I have been quite busy of late and have been completely remiss on my weekly Tacticool Tuesday posts. Not trying to show the community what a lazy guy I really am, but when I spent a few moments to make my rounds with the "go-to" blogs, I realized that there are several posts over at Mason Dixon Tactical that were absolute gold and needed to get pushed out over here.
I know there is a lot of cross-over between the two blogs so forgive me if this is old news to you. If it is, then go read it again until it sinks in.
Choosing Your Survivalist Weapons Battery
Questions To Ask When Upgrading Your Gear
And the equipment posts he referenced from Bushbeater:
Identifying Equipment Requirements
Shows you how much I pay attention to other blogs, but I must confess my ignorance to the Bushbeater blog. It certainly looks like there is a ton of good info and well worth your time.
A concealable pistol is an important consideration, but in a TEOTWAWKI situation, it would be logical to discard any notions of fashion that make a full-sized pistol difficult to conceal (or access). Still, since you do probably want a concealable pistol up until TEOTWAWKI, I'm not saying you shouldn't have one.
I'll reiterate this point for all the other equipment mentioned. In a TEOTWAWKI scenario, your outerwear should create a great deal of uncertainty as to the value and capabilities it might hide (and possibly serve as most of the necessary material for an expedient shelter). This also has a certain tactical value against aimed shots from a distance. And of course being able to fit a dozen layers of clothing inside of your outerwear has proven survival value independent of hiding your gear.
Not saying you can't wear fashionable clothes and well-organized gear under your outer layer, of course. Just that your former CCW and some of your extra load might be feasibly carried by someone who has less of a direct combat role than you've prepared yourself to fill.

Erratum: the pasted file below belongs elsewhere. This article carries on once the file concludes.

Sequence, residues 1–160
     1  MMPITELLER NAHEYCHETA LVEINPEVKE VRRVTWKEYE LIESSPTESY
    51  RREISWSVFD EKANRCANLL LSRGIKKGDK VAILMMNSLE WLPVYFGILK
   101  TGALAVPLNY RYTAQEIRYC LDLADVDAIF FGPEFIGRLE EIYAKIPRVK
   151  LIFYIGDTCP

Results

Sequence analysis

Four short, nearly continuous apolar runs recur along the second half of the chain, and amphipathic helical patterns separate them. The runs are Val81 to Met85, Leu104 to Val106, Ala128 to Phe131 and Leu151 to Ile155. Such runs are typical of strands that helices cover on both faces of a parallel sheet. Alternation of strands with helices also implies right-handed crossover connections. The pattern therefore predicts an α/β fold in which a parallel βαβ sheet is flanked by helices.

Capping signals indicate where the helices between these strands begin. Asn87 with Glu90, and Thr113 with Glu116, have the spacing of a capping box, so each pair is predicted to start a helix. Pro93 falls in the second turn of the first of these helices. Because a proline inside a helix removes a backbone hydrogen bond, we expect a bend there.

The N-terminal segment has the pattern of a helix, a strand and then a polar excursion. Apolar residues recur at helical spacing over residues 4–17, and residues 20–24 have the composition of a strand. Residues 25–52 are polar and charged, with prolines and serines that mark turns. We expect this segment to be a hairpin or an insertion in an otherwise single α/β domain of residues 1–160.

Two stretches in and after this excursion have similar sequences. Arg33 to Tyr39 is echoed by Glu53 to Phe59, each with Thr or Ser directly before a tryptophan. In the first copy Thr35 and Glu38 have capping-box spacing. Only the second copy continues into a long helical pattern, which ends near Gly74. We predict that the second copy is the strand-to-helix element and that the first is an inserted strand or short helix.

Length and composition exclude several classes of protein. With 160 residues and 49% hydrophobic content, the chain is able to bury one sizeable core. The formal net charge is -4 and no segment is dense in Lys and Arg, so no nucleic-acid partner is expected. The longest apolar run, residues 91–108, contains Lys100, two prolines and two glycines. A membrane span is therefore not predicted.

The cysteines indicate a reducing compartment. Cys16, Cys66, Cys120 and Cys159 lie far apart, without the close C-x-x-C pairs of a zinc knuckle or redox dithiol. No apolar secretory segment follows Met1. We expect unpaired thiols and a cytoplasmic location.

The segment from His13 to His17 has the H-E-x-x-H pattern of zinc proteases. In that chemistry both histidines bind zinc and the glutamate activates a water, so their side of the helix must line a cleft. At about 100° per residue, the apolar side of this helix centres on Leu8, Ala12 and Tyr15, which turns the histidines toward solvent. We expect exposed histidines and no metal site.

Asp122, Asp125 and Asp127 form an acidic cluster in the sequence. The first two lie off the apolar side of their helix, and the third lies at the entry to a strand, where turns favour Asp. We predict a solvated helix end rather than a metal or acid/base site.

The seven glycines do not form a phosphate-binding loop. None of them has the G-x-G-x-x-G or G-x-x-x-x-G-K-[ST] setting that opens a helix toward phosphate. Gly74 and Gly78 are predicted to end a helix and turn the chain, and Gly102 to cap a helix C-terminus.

Chiu -- I think the point with a concealable pistol is that it has other common attributes beyond concealment -- it's both lighter and easier to find a place for -- You can drop it in a pocket holster, put it on an ankle (something practically impossible for a full size pistol), or just save a few precious MOLLE rows on the holster.
Let's face it -- you want it on your person all the time before and after the SHTF. The same weight and convenience issues are going to apply to both situations. If it is heavy, bulky, and worst of all, pokes you in the side the entire time you are digging out a fighting position, the temptation is going to be real to shed your excess gear and put it "right there" while you are doing that work. If the pistol is convenient enough, you'll keep it on you even then, and it might be the difference between you getting to your gear right there, or not.
It's easier to remove temptation with careful gear selection than to rely on yourself to gut through it when you are in the middle of the highest stress in your life. We do dumb things when we are exhausted and sleep deprived. Make the right choice now when you aren't.
If the stuff you got works, DON'T FIX IT.
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